NEET Physics Two Dimensional Motion Work Done by Centripetal Force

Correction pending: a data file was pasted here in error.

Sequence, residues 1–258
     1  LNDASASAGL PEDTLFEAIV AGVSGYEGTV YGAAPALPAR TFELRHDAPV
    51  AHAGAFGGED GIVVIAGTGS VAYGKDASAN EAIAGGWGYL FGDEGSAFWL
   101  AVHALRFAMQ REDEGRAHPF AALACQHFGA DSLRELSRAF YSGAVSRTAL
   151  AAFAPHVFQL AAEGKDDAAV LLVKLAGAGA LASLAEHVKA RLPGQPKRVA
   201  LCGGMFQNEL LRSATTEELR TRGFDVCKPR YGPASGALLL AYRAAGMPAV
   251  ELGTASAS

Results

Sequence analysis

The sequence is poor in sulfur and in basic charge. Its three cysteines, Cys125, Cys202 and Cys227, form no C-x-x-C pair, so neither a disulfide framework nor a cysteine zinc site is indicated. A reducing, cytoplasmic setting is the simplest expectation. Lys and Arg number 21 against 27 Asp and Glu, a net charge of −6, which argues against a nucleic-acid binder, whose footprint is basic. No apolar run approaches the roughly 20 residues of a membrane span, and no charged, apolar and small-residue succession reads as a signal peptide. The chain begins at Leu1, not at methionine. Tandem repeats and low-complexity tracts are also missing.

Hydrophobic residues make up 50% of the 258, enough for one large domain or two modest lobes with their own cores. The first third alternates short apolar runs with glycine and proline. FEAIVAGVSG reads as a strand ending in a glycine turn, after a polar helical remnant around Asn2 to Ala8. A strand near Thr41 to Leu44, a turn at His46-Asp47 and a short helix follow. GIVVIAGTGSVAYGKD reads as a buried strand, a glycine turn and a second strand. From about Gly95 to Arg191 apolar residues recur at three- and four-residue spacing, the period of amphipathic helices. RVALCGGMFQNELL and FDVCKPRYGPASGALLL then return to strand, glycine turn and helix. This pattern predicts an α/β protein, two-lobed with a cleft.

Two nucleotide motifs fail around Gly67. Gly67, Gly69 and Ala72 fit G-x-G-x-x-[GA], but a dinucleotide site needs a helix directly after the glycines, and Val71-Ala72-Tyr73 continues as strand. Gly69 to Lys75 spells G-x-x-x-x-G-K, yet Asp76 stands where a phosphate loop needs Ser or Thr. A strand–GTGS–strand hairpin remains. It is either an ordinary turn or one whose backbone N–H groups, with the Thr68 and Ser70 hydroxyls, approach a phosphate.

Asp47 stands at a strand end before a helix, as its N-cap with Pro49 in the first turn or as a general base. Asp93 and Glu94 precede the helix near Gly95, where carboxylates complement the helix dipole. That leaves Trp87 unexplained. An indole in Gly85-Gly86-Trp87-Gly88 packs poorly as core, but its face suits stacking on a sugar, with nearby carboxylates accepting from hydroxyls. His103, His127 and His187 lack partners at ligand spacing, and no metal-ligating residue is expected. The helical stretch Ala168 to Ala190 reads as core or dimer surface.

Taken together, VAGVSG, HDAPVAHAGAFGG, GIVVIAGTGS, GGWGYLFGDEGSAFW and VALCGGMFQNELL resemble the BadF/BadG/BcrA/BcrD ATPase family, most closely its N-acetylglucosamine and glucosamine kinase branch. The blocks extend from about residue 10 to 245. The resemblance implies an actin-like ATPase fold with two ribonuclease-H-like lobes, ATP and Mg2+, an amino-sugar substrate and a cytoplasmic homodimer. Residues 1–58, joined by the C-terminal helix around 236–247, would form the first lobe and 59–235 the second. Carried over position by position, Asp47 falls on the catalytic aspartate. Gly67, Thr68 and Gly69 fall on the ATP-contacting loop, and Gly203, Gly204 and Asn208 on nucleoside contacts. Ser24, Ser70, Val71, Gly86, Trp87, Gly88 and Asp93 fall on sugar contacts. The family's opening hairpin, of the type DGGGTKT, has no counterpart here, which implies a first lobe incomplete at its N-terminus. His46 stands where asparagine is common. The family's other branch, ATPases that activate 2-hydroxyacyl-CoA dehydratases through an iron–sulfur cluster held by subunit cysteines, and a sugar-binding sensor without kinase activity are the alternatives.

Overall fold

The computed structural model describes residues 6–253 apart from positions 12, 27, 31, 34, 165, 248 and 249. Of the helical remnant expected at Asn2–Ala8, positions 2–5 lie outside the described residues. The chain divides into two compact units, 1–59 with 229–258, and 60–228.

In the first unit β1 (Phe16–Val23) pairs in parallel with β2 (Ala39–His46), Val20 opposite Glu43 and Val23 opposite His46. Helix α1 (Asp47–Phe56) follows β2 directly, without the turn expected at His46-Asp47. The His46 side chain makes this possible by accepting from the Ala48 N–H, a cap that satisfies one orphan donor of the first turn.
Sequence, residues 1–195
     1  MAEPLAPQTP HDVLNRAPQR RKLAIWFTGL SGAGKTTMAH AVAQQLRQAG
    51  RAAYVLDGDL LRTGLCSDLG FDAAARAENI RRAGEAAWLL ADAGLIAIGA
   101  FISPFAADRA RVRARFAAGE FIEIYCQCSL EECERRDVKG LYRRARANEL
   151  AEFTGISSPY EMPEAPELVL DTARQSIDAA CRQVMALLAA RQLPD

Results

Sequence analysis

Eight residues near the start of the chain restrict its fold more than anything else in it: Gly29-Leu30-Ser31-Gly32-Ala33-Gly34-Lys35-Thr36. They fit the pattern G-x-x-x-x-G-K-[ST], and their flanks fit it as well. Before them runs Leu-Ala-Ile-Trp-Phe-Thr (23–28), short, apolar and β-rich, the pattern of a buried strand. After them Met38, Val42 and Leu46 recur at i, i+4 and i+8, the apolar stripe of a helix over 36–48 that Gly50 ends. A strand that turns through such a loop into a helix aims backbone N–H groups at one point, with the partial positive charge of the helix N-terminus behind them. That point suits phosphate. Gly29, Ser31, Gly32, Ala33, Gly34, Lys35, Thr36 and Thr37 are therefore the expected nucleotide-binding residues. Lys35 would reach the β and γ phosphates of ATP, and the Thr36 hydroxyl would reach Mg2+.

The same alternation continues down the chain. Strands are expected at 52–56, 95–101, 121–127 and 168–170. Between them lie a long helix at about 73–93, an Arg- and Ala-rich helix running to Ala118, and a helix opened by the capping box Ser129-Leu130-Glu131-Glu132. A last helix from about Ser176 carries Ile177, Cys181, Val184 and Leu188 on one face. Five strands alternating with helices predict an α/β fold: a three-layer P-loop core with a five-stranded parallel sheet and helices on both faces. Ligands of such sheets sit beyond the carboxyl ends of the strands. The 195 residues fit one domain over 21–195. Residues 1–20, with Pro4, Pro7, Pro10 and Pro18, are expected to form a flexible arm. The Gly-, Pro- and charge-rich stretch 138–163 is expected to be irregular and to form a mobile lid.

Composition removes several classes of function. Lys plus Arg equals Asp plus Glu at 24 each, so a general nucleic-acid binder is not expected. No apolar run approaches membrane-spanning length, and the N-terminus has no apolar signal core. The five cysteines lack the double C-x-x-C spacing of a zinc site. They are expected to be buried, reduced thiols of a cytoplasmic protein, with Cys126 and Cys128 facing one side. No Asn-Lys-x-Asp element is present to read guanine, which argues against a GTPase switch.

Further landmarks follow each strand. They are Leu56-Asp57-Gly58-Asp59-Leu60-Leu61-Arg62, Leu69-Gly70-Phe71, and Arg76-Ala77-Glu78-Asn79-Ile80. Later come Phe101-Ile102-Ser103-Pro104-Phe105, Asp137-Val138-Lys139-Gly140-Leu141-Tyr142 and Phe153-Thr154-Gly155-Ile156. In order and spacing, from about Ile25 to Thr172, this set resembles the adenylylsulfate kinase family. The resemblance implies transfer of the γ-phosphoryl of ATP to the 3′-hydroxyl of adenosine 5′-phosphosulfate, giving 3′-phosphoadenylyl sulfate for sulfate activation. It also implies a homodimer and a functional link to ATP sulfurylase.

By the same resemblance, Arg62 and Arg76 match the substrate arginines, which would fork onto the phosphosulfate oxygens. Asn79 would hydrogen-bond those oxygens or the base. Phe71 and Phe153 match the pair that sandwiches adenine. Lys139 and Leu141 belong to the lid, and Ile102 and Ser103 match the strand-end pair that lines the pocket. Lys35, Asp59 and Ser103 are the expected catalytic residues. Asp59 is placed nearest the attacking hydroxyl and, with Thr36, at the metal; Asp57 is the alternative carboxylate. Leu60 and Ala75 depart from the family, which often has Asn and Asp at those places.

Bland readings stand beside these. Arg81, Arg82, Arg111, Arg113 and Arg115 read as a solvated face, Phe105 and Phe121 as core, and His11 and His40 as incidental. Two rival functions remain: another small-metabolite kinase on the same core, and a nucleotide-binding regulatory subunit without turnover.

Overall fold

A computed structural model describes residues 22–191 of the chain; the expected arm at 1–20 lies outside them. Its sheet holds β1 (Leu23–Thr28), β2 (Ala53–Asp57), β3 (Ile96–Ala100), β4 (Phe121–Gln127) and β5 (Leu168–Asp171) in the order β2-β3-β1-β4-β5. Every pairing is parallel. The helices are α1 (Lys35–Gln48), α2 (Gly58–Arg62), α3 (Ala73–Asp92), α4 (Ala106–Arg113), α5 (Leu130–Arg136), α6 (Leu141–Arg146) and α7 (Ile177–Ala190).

Work Done by Centripetal Force

Category : NEET